Internet connectivity in Belarus saw significant disruption following the country’s presidential election on Sunday, August 9. The shutdown is widely believed to be a state-sanctioned effort to reduce the effectiveness of protests following the disputed vote, in which Alyaksandr Lukashenka sought a sixth term in office. The internet outage was not limited to Minsk but also affected much of the rest of Belarus, notably other major cities such as Hrodna, Brest, Homel, Mahilyow and Vitebsk. Lukashenka quickly claimed that the internet had been disrupted “from abroad” in order to ferment discontent inside the country, with state media reporting that websites of government agencies were specifically targeted (BelTA, August 10  ). Despite the state’s claims, Belarusian IT specialists believe the shutdown was, in fact, state-orchestrated, and experts have explained the complexity, difficulty and unlikelihood of conducting a nation-wide internet blackout from abroad (Meduza, August 12). While the aim of the stoppage was, indeed, likely to reduce the ability of protestors to coordinate and reduce the spread of news of discontent, the repercussions are already being felt by the country’s previously flourishing IT sector (see EDM, March 18, 2015 and March15, 2018).
Internet access largely returned on August 12, after a three-day outage—costing the economy some $170 million, according to the international non-governmental organization (NGO) NetBlocks. To put this in perspective, the country’s GDP per day is approximately $160 million (Netblocks.org, Dev.by, August 12).
Aside from the huge costs to the overall economy, there is likely to be a lasting detrimental impact on the Belarusian IT sector. Information technology is one of Belarus’s most promising economic areas, with the country having been labeled an emerging Silicon Valley of Eastern Europe (Wall Street Journal, December 6, 2016). Big names in the software development space, EPAM and Wargaming, were founded by Belarusians, and the well-known company Viber was built up in Belarus. In 2018, IT accounted for 5.7 percent of Belarus’s GDP, a share predicted to increase to 10 percent by 2022 (Software-development-cee-report.com, 2018, accessed August 13, 2020). In 2019, the country was ranked sixth worldwide in mobile app creation. Drivers of Belarus’ success include a strong STEM education system, little government regulation, low wage costs, and a time zone from which companies can easily work with Europe, Asia and the United States.
The low level of state control in the Belarusian IT sector distinguishes it from other domestic industries. Companies registered in the Belarusian Hi-Tech Park enjoy little regulation, specifically low tax rates and the ability to hire foreign workers without visas. In November 2019, Arthur Pratapopau, the head of Global PR at Wargaming, stressed that the government’s approach, particularly low interference and regulation, had been conducive to its growth and was pushing the sector forward. But since August 10, 2020, IT workers in Belarus have grown increasingly pessimistic about the future of the sphere; one software developer explained that due to the internet blackout, outsourcing contracts are now being broken. Outsourcing makes up around 60 percent of the Belarusian IT industry, with over 90 percent of customers coming from the US and the European Union. Some companies have been unwilling to disclose the political instability behind the blackout to foreign customers in case they lose clients altogether. In Belarus, over 90 percent of software produced by the Hi-Tech Park is exported. IT workers have been sent to neighboring countries from multiple Belarusian IT companies to be able to work effectively during the shutdown (Author’s interviews, November 14, 2019 and August 12, 2020).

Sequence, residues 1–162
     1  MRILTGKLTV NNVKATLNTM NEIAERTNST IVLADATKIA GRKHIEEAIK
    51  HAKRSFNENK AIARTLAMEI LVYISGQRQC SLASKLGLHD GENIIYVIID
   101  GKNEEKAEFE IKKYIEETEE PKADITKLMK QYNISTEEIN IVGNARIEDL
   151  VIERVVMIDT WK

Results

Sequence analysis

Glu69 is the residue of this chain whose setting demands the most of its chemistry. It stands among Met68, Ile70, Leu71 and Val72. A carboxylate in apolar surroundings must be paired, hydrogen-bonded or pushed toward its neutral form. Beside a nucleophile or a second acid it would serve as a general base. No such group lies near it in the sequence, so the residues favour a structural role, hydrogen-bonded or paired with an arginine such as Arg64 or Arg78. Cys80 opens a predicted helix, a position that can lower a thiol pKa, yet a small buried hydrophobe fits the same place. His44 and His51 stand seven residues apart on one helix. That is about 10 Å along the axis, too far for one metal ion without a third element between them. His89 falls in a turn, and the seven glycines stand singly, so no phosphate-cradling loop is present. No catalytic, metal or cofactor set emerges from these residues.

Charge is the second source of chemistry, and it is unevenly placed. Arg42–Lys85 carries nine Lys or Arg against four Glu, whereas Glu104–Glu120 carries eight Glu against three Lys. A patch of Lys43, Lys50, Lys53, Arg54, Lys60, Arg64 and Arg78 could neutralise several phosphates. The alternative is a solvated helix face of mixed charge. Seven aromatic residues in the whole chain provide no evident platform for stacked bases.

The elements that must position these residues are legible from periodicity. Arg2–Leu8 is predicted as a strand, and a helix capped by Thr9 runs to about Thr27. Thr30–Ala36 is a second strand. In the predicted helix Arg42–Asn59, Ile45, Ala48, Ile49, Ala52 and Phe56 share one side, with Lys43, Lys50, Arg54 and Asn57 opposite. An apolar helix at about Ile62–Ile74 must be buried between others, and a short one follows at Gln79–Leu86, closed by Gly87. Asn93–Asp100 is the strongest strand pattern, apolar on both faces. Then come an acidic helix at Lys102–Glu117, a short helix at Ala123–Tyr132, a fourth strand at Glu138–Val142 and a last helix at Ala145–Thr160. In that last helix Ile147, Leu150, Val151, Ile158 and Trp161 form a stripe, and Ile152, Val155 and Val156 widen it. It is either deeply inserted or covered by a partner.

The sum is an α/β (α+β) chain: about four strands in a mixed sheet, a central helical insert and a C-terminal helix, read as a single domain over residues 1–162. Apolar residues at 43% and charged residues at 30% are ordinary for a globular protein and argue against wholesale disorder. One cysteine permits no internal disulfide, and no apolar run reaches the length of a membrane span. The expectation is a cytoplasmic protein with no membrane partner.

On August 12, over 1,500 individuals (as of this writing) from the Belarusian IT sector signed onto an open letter stating that “startups are not born in an atmosphere of fear and violence.” IT leaders effectively threatened to take their business out of Belarus given the rise of conditions “in which a tech business cannot function” (Dev.by, August 12).
In Belarus, the immediate impact of the internet blackout is being temporarily addressed by tech-savvy residents who are providing VPNs to provide access. The long-term impact on the IT sphere is harder to remedy, with Belarus’ reputation as a burgeoning tech hub likely already eroded. To stem this downward trend, the government will need to take immediate action to reassure domestic employees and international customers alike.